The history of modern Chinese music dates back to the 11th century when music was among the fundamental functions of the society including politics and morals. Music has been so important in China making it one of the few countries across the world that has had official music organizations and bureau in each and every dynasty that has passed.
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The Zhouperiod music is regarded as the foundation of the modern Chinese music. This kind of music was used in ritual ceremonies and education systems for purposes of education and entertainment (Hsia 394). The Zhouperiod music was characterized by a variety of music styles and a type of instrumentation that has been preserved until now. The Han Dynasty that was in existence from (206 B.C – 220 A.D) witnessed a cross-cultural influence from all the Chinese empires and other economic associates that were affiliated to the Chinese Empire.
The original Zhouperiod music was played using the native court musical instruments before the cross-cultural influence came in place. As the music embraced external influences, new musical instruments such as panpipes, vessel flutes, zithers, bells and stick membranophones were introduced. The Zither and the Zheng were the only instruments that came from the region but the rest were adopted from foreign empires (Hsia 394). The Zheng later become very popular after the unification of the Chinese sub-empires to form the Qin dynasty.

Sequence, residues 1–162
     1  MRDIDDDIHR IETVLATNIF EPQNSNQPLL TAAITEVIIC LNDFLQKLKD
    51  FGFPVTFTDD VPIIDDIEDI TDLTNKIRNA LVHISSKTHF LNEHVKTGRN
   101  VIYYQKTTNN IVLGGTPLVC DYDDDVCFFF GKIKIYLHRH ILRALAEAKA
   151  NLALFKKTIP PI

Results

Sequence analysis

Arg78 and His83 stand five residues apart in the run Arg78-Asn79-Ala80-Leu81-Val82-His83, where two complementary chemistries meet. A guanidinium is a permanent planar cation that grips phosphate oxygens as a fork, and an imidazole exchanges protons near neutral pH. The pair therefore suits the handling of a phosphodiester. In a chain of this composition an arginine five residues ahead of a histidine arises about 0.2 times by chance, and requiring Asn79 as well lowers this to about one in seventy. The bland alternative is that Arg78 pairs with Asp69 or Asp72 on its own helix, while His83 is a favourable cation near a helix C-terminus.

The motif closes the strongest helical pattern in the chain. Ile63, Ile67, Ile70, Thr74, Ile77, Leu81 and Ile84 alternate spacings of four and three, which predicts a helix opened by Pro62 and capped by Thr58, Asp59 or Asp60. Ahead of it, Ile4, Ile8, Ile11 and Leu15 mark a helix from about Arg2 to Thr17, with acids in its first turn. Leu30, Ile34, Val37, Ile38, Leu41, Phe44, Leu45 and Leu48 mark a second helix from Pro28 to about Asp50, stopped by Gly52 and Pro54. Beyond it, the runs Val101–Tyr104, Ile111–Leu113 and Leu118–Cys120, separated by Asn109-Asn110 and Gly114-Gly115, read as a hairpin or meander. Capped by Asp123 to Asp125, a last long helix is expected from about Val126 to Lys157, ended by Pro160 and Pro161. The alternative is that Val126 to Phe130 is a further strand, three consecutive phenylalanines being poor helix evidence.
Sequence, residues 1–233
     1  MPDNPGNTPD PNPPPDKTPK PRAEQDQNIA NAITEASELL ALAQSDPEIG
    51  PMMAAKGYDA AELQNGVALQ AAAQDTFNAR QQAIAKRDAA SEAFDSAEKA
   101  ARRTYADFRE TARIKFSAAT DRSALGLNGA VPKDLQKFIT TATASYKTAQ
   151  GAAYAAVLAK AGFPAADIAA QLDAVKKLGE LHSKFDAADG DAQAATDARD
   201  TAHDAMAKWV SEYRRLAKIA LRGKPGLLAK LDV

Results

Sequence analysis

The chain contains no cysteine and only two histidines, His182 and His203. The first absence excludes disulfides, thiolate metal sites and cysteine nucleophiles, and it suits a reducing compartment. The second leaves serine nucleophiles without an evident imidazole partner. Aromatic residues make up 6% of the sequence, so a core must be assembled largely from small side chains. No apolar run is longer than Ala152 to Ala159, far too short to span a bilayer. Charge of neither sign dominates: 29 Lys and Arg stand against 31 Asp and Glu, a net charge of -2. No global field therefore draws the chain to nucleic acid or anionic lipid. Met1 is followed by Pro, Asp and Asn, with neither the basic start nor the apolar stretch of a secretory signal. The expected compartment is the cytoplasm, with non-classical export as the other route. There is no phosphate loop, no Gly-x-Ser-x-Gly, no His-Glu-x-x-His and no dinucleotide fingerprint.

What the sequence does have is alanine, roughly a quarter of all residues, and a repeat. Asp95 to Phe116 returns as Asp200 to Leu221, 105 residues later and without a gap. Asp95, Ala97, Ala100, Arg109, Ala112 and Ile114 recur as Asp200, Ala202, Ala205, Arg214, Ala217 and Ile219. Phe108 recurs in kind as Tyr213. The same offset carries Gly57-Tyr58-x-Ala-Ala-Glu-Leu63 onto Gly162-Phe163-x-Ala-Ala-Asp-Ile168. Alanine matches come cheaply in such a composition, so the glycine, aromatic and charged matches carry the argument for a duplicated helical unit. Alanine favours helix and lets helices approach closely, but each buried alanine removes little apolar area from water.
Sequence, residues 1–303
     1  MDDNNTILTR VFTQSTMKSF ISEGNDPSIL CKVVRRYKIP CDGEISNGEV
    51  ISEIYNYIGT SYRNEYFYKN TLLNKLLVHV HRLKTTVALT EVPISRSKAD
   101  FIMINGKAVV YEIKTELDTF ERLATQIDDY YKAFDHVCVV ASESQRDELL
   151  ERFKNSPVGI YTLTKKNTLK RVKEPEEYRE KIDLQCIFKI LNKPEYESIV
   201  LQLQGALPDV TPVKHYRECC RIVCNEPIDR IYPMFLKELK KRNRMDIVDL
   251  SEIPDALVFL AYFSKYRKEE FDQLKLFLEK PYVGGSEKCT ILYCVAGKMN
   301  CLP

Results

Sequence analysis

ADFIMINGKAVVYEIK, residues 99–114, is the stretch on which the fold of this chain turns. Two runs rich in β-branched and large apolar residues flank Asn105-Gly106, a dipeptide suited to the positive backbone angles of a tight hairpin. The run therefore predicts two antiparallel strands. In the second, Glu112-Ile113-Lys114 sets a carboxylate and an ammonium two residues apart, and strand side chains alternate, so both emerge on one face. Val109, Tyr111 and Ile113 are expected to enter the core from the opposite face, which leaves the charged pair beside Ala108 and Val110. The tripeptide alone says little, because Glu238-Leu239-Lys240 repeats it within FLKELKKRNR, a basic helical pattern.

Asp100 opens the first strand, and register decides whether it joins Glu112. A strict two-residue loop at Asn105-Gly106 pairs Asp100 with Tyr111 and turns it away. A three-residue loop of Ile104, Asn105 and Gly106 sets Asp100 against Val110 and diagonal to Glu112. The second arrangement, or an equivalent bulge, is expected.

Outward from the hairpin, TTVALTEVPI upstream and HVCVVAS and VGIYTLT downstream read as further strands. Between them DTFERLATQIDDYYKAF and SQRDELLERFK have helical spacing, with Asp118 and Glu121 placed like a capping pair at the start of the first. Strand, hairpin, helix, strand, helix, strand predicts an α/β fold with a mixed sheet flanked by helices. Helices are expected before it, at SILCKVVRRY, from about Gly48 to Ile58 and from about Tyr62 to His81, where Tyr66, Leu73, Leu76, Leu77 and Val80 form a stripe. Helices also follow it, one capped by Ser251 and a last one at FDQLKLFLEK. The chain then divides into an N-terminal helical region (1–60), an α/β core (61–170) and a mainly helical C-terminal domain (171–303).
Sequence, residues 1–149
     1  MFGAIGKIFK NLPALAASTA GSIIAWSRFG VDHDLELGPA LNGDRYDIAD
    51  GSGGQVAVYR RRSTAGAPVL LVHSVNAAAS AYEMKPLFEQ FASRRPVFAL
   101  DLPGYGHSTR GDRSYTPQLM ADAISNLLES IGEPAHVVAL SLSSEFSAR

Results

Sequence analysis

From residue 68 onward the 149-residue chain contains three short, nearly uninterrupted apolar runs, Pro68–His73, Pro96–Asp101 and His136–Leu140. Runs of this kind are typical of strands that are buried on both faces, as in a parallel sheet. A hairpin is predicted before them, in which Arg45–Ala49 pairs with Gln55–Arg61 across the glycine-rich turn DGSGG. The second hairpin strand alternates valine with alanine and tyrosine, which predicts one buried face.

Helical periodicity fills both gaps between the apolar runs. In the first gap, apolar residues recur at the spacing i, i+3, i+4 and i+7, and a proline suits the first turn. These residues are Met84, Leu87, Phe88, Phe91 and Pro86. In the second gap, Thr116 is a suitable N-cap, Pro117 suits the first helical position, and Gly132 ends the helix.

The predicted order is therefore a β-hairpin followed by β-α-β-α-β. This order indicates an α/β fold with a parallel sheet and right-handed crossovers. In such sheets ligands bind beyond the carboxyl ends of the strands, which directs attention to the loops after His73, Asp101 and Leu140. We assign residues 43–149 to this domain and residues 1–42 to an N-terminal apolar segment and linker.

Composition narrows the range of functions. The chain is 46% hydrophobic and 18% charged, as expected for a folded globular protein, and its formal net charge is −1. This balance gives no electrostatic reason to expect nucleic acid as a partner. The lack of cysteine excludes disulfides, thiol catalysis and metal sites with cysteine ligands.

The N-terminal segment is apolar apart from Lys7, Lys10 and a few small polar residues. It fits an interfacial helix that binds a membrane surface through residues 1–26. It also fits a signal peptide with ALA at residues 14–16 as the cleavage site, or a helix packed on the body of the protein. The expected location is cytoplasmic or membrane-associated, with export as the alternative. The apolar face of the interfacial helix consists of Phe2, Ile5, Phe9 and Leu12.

The end-blown di flute and the plucked pipa lute were among the most notable foreign instruments introduced in China during the Qin dynasty. The Chinese empire later split and was no longer unified due to the emergence of other kingdoms and states that were fighting for power. These political developments were experienced from (260 A.D-265 A.D) with this period being characterized by kingdoms overthrowing one another. Non-indigenous music was majorly introduced to China during this period of political instability. A variety of musical aspects such tonal system, survival notation ad solo performances were adopted for the first time during this period (Hsia 394).
Major developments in Chinese music were also experienced during the Sui dynasty that was in place from (581-960). After being divided for almost five centuries, China was once again united under the Sui dynasty. Foreign musicians were introduced in China to perform for the first time during this period. The foreign musician helped a great deal in improving the local music industry because they not only performed, but were also involved in training and teaching local musicians on how to become professional musicians (Jie 125).